Rent estimates for the highest quality one-third of farmland in each county rose by an average of 20 percent. The increase was attributed to the strong rise in corn and soybean prices since 2010 and continued in 2012.
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May 31 Kum and Go Grand Opening in Sioux City
On May 31, fill up your flex-fuel vehicle with E85 for only 85 cents a gallon at the Kum and Go grand opening in Sioux City, located at 1925 Lakeport Street. This special deal is available from 11:00 am to 1:00 pm.
E85 for 85 cents is only good for flex-fuel vehicles.
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Groups Urge Congress to Support Production of Advanced Aviation Biofuels
The Advanced Biofuels Association, the Algal Biomass Organization, Airlines for America, the Biotechnology Industry Organization, and the American Farm Bureau Federation wrote letters on Tuesday, May 8, to leaders of the House and Senate Armed Services Committees and Appropriations Defense Subcommittees, urging them to support the Department of Defense’s (DoD) commitment to accelerate production of American-made, advanced biofuels for use in military jets, ships and vehicles.
The letter states:
“Continued reliance on foreign oil puts U.S. troops at risk of supply disruptions during military or humanitarian missions. Moreover, the oil market is unpredictable and the price per barrel of oil often has dramatic fluctuations, which wreaks havoc on military budgets. In fiscal years 2011 and 2012, for instance, DoD came up $5.6 billion short in its budget for military operations and maintenance because it spent more on fuel than anticipated.
“Budget shortfalls associated with fuel prices spikes force military leaders to make tough decisions, such as asking Congress for supplemental resources that are difficult to secure. U.S. advanced biofuel producers have made rapid progress toward cost-competitiveness…DoD’s efforts to reduce use of foreign oil and increase use of American biofuels can provide more certainty for military fuel purchasers and therefore reduce the Department’s massive operational cost overruns.”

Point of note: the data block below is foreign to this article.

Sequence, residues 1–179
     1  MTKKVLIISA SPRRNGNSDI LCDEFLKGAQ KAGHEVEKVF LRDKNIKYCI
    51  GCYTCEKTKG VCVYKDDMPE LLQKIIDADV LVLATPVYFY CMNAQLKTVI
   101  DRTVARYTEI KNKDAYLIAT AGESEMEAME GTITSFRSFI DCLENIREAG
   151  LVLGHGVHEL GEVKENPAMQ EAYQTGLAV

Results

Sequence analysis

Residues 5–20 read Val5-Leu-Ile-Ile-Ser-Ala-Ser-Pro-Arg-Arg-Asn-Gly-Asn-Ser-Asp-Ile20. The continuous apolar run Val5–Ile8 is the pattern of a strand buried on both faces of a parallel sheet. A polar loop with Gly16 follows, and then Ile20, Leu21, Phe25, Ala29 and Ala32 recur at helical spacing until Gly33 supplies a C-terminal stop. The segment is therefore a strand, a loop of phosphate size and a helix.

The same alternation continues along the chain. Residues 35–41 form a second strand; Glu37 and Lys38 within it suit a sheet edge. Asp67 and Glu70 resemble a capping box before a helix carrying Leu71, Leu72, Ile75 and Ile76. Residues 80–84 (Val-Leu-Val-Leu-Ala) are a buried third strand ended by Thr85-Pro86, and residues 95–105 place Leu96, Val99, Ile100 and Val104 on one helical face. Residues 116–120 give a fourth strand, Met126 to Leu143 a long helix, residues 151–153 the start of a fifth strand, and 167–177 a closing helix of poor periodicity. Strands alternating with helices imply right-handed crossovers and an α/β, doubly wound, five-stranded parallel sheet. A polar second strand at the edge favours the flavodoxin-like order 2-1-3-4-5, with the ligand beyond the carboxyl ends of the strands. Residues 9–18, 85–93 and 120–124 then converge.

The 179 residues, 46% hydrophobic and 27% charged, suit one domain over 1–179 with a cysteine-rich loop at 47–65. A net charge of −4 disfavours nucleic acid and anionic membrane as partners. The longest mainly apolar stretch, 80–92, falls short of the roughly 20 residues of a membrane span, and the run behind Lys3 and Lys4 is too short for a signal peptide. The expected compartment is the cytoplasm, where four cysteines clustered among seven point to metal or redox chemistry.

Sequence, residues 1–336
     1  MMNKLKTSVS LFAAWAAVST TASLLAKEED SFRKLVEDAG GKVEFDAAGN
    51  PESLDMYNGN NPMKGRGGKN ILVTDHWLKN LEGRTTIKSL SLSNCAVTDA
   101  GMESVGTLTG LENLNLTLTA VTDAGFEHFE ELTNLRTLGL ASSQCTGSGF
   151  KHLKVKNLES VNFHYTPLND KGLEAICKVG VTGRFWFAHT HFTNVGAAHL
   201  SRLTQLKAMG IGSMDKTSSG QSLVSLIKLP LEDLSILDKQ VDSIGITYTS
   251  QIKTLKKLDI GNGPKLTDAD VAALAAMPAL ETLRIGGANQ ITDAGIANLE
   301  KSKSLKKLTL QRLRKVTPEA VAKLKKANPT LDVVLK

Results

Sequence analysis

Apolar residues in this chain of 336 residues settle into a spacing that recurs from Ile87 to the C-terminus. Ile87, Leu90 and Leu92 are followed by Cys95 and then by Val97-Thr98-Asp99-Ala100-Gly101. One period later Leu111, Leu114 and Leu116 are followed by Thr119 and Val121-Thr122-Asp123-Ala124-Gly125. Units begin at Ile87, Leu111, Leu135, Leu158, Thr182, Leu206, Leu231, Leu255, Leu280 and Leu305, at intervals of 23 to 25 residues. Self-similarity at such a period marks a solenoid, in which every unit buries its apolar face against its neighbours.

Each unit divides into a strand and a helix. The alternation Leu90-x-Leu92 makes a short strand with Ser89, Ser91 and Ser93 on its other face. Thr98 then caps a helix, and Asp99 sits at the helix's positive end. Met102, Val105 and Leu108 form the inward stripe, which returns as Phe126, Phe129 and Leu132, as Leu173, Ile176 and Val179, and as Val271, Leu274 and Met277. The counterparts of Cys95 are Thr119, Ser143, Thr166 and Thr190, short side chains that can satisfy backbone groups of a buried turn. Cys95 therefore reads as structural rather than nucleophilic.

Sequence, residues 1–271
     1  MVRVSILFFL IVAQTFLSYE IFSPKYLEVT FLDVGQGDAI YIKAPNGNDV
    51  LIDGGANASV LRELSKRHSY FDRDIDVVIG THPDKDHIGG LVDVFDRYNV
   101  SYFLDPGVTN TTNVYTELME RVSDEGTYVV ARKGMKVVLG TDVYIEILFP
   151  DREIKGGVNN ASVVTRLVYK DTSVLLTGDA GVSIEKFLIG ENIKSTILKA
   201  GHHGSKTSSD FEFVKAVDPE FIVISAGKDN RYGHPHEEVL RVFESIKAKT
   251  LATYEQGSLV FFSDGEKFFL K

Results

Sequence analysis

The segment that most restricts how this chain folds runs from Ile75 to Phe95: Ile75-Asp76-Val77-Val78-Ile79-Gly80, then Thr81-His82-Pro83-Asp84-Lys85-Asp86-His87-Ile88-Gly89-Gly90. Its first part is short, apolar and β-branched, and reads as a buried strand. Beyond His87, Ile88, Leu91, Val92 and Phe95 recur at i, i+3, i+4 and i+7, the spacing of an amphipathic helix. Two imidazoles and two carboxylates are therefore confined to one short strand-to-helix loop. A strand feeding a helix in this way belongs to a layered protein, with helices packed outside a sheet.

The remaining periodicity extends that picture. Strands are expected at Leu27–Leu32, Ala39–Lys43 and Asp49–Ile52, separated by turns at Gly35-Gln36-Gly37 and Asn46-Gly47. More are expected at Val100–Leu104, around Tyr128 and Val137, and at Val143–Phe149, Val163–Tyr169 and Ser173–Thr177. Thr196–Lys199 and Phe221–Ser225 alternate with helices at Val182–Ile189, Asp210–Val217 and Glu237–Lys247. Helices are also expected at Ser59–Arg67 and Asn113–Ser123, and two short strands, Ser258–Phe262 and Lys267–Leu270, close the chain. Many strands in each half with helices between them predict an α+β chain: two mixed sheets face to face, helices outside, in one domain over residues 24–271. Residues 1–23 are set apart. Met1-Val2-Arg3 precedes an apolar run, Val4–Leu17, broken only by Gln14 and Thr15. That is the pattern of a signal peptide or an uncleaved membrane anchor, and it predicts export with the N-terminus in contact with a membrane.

To read the letters click here.
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NCGA Launches Ethanol Rocks Video Contest
The National Corn Growers Association (NCGA) works with growers to develop and implement programs and projects that will provide long term benefits for corn growers and U.S. agriculture. As such, the NCGA is conducting a nationwide competition to promote the advantages of ethanol in motor vehicles. Corn ethanol replaces millions of gallons of imported foreign oil, burns more cleanly than traditional gasoline and has created tens of thousands of jobs across rural America.
The NCGA Ethanol Rocks Video Contest invites high school and college students to produce a promotional video that highlights the benefits of this fuel. All entries must be in by close of business on Monday, October 15, 2012. NCGA acknowledges the Iowa Renewable Fuels Association (IRFA) for sharing its success with the Fuel the Future video competition.
To view the IRFA's Fuel the Future winner click here.
Questions regarding the NCGA “Ethanol Rocks” Video Contest may be directed to email@example.com.
Click Here for Entry Form and Official Rules
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Biofuels Industry Making Substantial Contribution to Global Economy
A Global Renewable Fuels Alliance (GRFA) study showed that the biofuels industry contributed $277.3 billion to the global economy. The study, “Contribution of Biofuels to the Global Economy”, was done in partnership with the global economic research company, Cardno Entrix, and outlines the economic footprint of the biofuels industry that is continuing to grow at a strong pace.
Global biofuel production generated 110 billion liters (more than 29 billion gallons) in 2010 and provided nearly 1.4 million jobs in all sectors of the global economy. The amount of ethanol produced globally has doubled since 2005 and has increased three-fold in the last 10 years. By 2020, the global biofuel industry is forecasted to grow to produce more than 196 billion liters (more than 51 billion gallons) and support more than 2.2 million jobs.
“It is promising to see the global biofuels industry growing during these difficult economic times,” stated Bliss Baker, spokesperson for the GRFA. “The global biofuels industry is a bright spot in the current world economy and is contributing billions of dollars to output and creating hundreds of thousands of jobs all while reducing our reliance on crude oil.”
To read the full study click here.